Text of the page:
Retelling the saga of Surpanakha
Author- Kavita Kane
Publisher- Rupa, Rs295
Unlike numerous other fictional works which have the Ramayana as their backdrop, Lanka’s Princess is set in Lanka where Ram, Sita, and Lakshman play just marginal roles, writes ASTHA JOSHI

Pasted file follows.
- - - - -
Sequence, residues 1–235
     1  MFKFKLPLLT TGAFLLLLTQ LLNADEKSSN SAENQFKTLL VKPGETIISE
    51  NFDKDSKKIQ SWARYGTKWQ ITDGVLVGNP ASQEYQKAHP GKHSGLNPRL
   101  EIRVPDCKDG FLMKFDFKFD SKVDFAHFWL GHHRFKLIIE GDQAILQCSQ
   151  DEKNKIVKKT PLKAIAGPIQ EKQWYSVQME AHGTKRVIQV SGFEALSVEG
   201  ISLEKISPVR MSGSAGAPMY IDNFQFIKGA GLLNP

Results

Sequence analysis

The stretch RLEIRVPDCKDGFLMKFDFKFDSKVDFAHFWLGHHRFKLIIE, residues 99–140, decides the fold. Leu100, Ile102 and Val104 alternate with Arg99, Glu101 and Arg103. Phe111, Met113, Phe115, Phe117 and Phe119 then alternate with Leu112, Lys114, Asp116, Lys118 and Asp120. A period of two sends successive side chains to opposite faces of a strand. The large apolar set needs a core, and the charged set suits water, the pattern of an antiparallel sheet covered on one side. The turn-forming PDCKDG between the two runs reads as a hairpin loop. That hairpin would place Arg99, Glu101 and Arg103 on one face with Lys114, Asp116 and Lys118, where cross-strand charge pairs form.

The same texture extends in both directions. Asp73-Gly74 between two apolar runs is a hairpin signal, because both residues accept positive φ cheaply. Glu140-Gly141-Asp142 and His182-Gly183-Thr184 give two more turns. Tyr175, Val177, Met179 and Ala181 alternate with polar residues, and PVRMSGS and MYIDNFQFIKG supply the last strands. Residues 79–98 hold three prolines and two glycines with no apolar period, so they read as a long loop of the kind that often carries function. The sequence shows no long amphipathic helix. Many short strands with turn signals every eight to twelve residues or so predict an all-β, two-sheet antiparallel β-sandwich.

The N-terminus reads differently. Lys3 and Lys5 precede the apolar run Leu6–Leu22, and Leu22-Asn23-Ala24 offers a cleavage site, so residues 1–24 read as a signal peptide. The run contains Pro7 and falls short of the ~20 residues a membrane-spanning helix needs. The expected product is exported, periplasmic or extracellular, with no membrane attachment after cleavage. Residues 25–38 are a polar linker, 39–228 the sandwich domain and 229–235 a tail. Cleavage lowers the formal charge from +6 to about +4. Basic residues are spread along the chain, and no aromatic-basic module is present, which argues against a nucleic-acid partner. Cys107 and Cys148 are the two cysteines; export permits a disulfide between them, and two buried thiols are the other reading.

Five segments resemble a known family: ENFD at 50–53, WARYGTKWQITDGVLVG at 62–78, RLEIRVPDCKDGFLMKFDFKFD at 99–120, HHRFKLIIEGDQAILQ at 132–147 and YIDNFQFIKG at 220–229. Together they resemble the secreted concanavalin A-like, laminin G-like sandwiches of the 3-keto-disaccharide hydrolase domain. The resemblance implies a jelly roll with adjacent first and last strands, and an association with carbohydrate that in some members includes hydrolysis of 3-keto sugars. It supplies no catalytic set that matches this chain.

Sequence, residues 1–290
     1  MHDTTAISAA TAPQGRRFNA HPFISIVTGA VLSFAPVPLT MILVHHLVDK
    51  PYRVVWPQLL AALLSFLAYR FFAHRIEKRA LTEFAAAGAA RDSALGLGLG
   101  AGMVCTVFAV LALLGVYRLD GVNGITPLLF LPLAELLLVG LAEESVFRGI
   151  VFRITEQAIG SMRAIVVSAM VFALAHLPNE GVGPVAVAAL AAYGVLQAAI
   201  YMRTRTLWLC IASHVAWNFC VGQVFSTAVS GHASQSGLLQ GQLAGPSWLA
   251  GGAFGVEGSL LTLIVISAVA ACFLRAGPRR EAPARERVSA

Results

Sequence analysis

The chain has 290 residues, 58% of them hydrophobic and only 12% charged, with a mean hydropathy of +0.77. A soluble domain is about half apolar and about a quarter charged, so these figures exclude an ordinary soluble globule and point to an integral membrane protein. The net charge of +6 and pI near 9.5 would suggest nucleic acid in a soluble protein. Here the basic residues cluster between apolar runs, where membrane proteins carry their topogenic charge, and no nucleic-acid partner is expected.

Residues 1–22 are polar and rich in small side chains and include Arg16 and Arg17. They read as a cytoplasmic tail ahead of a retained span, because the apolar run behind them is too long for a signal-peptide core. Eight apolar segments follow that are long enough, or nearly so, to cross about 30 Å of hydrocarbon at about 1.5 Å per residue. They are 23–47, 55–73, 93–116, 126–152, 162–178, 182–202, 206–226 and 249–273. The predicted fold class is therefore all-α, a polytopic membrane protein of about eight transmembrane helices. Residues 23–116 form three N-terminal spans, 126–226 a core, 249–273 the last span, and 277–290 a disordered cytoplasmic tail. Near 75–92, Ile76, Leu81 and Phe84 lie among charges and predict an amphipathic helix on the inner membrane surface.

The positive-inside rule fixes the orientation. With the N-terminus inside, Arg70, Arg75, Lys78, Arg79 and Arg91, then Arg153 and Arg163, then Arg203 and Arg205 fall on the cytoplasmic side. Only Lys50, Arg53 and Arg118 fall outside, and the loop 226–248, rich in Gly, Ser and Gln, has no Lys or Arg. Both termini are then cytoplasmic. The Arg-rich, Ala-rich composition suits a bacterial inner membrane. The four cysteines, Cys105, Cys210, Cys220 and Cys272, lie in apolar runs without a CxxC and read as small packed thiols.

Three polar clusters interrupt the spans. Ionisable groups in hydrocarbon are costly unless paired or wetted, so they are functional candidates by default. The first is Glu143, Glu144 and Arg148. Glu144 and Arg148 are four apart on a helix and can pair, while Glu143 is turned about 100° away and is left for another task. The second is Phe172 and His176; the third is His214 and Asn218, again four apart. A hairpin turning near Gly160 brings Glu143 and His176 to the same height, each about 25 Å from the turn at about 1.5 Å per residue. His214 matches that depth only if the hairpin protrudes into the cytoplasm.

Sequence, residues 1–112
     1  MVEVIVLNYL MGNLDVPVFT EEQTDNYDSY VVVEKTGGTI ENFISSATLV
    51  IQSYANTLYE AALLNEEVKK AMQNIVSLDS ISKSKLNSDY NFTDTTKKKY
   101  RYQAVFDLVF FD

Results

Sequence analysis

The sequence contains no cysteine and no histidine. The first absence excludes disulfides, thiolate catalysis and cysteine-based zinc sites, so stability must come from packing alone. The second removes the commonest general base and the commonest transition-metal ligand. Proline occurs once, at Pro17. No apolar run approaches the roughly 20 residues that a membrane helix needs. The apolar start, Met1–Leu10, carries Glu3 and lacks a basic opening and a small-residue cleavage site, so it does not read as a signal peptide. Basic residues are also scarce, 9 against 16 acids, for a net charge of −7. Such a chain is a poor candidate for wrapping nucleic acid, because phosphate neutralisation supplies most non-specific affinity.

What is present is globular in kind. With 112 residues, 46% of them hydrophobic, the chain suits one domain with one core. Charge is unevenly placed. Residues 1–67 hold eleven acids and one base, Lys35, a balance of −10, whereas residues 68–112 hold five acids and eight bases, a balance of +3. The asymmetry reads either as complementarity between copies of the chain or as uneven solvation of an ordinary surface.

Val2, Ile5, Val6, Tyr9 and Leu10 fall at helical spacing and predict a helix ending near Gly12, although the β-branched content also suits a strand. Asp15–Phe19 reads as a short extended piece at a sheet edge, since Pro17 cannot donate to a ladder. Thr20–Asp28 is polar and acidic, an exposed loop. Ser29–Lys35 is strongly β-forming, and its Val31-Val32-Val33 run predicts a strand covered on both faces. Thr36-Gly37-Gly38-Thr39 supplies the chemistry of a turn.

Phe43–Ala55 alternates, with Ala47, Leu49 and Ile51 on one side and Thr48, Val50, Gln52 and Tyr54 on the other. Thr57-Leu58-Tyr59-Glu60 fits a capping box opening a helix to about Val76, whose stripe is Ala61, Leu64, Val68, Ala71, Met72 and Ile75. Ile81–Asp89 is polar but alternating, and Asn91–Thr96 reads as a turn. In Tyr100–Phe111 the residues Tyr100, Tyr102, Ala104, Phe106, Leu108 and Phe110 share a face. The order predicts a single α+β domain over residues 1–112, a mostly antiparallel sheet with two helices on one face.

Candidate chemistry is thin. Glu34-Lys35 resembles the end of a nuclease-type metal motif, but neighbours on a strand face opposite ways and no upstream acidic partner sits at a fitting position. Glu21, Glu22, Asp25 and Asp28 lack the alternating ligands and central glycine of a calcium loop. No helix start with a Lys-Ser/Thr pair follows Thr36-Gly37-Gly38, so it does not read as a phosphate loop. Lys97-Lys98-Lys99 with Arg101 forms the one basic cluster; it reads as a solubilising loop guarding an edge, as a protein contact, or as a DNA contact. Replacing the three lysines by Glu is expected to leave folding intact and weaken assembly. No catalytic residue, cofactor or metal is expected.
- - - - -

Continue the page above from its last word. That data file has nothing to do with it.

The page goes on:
Kavita Kane creates an interesting take on the Ramayana in her latest work, Lanka’s Princess by giving the various female characters center stage in the high-tension drama. Though Meenakshi is undoubtedly the protagonist who runs the show, we also come across other equally strong women who are resolute in their decisions and take sole charge of situations. Interestingly, the author hands the reins of the narrative to Meenakshi, the evil Surpanakha. She suppresses the bitterness which was thrown at her throughout her life but vents it later with all the power of annihilation. Though kept away from love and familial affection for the most part of her life, she grew up on hatred and vengeance destroying whomsoever crossed her path. In the character of Meenu we have a strong woman who does not tread the path of righteousness and submission. She is explicit about her needs and wishes and feels it is right to voice the same.